A wearable computer, a robot helping children with cerebral palsy, and a study on government spying are just some of the projects that have won Marsden funding this year.
101 science teams from across the country are to receive support from the almost $56 million available in grants from prestigious The Marsden Fund.
There were over 1200 applications for support - the highest recorded in the fund's 20-year history.
Radio New Zealand Science Reporter Olivia Allison spoke to four of the successful applicants.
Wearable computers - $755,000
By now everyone has heard of Google Glass - the glasses that allow you to check the weather, takes photos, and use the internet while perched on your nose.
But imagine if it could pre-empt what you were thinking or feeling? Professor Mark Billinghurst from the University of Canterbury's HIT Lab is hoping to do just that, together with psychologist Dr Deak Helton.
They want the glasses to know not to send you an email while driving, and to provide a map to you when it senses you are lost.
Prototypes will be developed based on existing wearable hardware (such as Google Glass) and software such as the Java language and Android operating system.
The aim is to develop systems that use their hybrid model and can be tested in real-world situations, leading to wearable interfaces that are less distracting and can enhance human productivity.
Professor Billinghurst described how it may work.
The history of spying - $495,000
Have you ever wondered how the government spied on citizens back in 1907?
Historian Richard Hill has. The Victoria University Professor has been granted funding to look back over a 100-year period to analyse the surveillance of citizens.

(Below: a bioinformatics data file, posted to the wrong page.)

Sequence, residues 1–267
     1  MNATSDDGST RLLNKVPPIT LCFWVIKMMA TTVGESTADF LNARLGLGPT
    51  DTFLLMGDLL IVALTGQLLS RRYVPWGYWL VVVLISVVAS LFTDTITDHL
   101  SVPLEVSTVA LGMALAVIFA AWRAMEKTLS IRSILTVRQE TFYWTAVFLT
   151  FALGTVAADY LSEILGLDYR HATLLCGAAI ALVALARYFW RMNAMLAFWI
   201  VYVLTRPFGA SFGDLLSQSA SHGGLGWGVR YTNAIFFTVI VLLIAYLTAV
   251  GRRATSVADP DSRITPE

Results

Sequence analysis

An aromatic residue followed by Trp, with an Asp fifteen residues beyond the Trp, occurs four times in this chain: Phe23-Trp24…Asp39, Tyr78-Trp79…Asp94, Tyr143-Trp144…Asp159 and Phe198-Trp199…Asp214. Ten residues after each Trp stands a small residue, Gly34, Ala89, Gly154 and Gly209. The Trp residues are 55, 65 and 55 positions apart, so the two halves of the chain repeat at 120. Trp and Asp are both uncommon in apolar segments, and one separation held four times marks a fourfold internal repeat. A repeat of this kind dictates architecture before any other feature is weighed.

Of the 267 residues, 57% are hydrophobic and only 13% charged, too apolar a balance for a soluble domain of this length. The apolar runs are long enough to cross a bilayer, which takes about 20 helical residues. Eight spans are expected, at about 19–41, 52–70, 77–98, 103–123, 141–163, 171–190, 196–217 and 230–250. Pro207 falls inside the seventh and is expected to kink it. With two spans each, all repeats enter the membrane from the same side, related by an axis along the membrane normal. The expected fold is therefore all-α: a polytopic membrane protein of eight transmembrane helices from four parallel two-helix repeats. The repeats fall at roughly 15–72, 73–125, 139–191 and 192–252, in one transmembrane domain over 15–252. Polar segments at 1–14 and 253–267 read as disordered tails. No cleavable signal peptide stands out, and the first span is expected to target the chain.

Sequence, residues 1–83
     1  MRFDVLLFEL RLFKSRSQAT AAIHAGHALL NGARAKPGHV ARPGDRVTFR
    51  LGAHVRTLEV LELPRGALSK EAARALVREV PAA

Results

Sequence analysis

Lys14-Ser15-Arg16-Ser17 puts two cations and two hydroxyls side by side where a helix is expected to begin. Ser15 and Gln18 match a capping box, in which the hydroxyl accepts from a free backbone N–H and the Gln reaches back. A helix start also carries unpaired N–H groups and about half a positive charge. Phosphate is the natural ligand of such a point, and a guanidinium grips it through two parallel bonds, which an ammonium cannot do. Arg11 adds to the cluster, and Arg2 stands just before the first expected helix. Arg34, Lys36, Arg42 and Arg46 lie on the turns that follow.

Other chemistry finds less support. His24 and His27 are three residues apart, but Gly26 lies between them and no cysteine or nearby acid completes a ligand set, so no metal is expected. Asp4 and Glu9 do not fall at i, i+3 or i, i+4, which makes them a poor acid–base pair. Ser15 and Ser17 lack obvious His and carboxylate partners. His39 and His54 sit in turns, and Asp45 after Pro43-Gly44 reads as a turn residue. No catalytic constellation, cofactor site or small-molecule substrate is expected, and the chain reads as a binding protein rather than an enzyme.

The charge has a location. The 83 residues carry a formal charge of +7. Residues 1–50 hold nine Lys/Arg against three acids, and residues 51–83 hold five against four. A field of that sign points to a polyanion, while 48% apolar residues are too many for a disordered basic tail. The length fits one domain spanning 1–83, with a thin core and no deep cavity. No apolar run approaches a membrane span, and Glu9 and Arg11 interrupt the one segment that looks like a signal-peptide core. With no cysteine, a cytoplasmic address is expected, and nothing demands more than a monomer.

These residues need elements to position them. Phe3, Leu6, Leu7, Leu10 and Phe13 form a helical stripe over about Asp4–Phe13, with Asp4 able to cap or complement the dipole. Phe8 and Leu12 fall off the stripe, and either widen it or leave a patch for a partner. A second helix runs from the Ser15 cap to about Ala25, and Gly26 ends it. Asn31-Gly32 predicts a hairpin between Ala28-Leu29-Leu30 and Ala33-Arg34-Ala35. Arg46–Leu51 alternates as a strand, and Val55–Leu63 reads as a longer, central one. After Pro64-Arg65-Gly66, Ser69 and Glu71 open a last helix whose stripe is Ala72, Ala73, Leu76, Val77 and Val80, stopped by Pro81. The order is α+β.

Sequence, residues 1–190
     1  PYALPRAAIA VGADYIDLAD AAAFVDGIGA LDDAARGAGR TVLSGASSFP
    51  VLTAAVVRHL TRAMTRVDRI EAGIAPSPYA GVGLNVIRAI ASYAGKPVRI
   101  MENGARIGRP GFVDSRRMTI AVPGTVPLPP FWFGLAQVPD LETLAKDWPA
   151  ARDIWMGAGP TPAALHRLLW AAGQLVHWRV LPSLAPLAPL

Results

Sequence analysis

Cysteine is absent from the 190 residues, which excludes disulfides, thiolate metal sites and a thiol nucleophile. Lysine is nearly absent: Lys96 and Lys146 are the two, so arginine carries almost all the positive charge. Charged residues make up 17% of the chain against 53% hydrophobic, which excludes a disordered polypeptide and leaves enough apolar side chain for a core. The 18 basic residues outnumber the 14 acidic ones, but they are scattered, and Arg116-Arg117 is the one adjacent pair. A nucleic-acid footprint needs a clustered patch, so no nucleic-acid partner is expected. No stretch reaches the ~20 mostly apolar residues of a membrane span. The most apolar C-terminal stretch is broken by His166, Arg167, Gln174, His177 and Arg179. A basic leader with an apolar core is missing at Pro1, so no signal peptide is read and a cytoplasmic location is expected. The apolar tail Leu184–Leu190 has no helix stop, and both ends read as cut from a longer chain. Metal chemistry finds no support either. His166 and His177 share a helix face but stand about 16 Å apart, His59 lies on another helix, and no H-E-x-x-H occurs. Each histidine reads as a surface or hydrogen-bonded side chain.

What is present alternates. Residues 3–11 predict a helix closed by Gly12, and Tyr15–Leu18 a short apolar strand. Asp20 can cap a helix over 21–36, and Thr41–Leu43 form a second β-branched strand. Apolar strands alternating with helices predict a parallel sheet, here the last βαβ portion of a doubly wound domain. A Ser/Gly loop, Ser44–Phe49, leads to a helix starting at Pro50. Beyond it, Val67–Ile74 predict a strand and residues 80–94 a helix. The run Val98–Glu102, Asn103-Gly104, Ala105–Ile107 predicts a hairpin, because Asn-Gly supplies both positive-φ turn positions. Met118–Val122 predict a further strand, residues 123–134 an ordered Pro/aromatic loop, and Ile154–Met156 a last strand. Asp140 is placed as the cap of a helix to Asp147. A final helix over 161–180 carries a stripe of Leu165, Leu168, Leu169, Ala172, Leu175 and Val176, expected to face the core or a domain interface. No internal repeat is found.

New Zealand is the only member of the so-called Five Eyes group (Australia, Canada, the United Kingdom, the United States and New Zealand) which does not have a detailed and reported history of spying.
Richard Hill is hoping the government will get on board with his project.
Robots for cerebral palsy sufferers - $300,000
Approximately 1 in 500 New Zealand babies are born with cerebral palsy - a debilitating condition commonly known to cause stiffening muscles.
Botox and physical therapy are currently the only forms of treatment. But Auckland University's Dr Andrew McDaid is hoping to change that. He is building robots that can attach to a child's wrist to administer the physical therapy.
He wants to see how it will work alongside botox, and has high hopes that it could become a major player in physical therapy treatment.
Dr McDaid explained just how it would work.
Studying the stratosphere - $785,000
Google is sending up balloons into the sky above Tekapo to provide internet in remote places.
Dr Greg Bodeker saw that as an opportunity to check out weather systems 15km to 50km above the earth.
He is getting the locational data from Google, and modelling that to see the effects of temperature and wind on our climate system.
Dr Bodeker outlined the details of the project.
The Marsden Fund
|Institute||Number of funded proposals||Success rate funded||Total amount of funding (excl. GST)||Percent of total funding|
|University of Auckland||28||8.80%||$15,215,000||27.3%|
|University of Canterbury||7||7.40%||$4,410,000||7.9%|
|University of Otago||22||9.50%||$13,908,000||25.0%|
|University of Waikato||4||5.40%||$2,420,000||4.3%|
|Victoria University of Wellington||25||12.80%||$12,163,000||21.9%|